Steve Chapman

It also doesn't help to have an incumbent president who is widely reviled. Before the 2004 election, half of Americans approved of his performance. This time, three out of four didn't.

The good news for Republicans? Despite the powerful undertow of the economy and George W. Bush, the Republican presidential candidate got more than 46 percent of the vote. That doesn't look like a party that has no fundamental appeal. It looks like a party whose fundamental appeal was overwhelmed by transient calamities.

Barack Obama was a good candidate who ran a smart race. But in the fall campaign, his biggest asset was being kissed by fortune. With this economy Hillary Clinton would also have beaten John McCain. Heck, John Kerry could have won in this environment.

Given my own ideological preference for a government of modest ambitions at home and abroad, it is tempting to say that what the GOP has to do to regain power is swear off unnecessary wars, violations of privacy and fiscal bloat. But the truth is not so congenial. Republicans did just the opposite in Bush's first term and won in 2004. Substitute a terrorist attack for the September financial meltdown and Obama would have gone down in history as the black Michael Dukakis.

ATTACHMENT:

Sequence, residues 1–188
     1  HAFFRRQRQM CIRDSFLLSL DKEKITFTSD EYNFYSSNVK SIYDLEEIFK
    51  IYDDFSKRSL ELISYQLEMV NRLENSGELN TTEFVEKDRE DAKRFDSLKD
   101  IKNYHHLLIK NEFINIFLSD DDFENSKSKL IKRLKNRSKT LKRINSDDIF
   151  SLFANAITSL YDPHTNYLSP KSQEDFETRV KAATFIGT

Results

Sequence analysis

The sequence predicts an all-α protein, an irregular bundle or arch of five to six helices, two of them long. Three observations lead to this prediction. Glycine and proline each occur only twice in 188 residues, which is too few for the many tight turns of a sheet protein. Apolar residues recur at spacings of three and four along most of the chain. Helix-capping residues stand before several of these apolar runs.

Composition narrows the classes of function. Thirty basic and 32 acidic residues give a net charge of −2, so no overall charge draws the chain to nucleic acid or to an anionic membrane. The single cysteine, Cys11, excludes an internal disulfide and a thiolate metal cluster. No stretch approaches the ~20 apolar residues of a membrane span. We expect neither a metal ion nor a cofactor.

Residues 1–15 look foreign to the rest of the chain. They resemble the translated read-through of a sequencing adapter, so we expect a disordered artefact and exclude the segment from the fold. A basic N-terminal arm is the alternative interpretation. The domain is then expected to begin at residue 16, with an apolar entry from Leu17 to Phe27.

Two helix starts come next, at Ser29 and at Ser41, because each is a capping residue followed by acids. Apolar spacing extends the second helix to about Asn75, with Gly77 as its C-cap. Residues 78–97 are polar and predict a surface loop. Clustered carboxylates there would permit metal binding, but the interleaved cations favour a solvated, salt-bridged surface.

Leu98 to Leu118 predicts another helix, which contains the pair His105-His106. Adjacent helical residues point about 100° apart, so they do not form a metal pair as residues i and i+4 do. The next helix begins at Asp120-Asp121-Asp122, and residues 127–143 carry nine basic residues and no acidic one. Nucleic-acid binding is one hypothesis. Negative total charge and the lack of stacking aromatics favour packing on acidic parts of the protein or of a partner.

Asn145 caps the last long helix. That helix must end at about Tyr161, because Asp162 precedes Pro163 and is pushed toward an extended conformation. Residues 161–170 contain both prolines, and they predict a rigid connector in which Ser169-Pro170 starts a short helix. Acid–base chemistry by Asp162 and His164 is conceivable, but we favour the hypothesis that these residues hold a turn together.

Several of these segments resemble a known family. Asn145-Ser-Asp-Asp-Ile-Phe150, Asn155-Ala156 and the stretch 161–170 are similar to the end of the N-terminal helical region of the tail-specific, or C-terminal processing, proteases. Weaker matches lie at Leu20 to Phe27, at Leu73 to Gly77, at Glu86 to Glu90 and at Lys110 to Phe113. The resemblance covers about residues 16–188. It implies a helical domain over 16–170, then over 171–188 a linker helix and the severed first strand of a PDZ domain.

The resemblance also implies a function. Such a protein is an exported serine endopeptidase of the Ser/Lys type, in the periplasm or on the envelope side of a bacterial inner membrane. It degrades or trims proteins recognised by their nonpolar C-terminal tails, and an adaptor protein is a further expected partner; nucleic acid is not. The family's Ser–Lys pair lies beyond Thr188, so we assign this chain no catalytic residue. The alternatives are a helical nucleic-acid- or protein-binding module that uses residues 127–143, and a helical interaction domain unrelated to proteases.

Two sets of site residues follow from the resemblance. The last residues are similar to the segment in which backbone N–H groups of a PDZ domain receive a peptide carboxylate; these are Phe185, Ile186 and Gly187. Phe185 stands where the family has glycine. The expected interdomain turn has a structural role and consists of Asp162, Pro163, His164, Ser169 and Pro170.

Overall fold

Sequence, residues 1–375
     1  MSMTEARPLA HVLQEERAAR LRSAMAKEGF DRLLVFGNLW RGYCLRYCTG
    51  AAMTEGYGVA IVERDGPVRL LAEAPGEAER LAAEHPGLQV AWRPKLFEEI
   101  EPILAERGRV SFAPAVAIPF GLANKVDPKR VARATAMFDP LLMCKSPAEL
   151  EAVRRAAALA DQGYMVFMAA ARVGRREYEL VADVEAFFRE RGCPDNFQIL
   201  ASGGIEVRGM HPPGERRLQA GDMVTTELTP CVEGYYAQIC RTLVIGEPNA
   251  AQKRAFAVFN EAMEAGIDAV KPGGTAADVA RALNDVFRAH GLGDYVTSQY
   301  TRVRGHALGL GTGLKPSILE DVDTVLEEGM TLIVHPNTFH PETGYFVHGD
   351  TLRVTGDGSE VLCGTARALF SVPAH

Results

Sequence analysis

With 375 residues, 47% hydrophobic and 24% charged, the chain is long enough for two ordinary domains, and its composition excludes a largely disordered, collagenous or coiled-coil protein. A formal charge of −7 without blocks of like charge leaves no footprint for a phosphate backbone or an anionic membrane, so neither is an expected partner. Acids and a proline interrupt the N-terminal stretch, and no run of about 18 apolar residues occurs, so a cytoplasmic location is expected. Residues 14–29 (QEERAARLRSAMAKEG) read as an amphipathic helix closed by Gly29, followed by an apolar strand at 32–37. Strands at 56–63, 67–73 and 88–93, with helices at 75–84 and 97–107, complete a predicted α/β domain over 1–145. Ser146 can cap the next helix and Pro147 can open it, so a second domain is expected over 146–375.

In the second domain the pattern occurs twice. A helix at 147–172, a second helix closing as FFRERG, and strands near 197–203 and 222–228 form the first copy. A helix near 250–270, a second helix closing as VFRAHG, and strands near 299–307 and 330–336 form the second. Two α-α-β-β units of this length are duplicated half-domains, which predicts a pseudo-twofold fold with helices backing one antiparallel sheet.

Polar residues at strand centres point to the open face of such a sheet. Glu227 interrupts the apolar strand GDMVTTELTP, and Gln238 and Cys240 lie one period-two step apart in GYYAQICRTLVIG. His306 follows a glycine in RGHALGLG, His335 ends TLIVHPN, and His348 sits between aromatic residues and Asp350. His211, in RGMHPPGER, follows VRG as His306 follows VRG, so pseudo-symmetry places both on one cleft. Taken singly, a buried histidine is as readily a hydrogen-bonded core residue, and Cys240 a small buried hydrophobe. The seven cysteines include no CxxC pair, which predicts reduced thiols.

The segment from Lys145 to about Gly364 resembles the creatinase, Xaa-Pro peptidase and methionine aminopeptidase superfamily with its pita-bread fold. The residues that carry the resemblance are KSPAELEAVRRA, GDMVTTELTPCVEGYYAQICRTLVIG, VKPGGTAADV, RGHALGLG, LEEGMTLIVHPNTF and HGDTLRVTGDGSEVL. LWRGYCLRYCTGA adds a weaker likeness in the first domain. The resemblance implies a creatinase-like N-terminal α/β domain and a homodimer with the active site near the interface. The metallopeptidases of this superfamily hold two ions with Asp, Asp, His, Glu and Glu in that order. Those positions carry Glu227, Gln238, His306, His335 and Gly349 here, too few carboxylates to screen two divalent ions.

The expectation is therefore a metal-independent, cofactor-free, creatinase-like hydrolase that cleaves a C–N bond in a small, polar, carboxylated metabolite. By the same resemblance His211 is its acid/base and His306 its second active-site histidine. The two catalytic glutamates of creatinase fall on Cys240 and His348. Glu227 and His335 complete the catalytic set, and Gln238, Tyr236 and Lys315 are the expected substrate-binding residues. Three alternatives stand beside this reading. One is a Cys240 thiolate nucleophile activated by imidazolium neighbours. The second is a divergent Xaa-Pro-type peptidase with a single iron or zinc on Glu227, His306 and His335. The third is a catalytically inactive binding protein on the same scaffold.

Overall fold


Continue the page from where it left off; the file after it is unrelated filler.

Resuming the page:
How can Republicans come back? Easy. All they need is for the incoming president to fail at reviving the economy, make a mess of Iraq or suffer some other major setback in the next four years. On the other hand, if the Obama administration can point to a respectable recovery, a successful departure from Baghdad and no unexpected disasters, putting Abe Lincoln himself on the ticket won't restore Republicans to power in 2012.

In the next four years, they certainly should look for salable policies, attractive candidates and fresh themes. But mainly they need patience and luck. Those worked for the Democrats.

Steve Chapman

Steve Chapman is a columnist and editorial writer for the Chicago Tribune.

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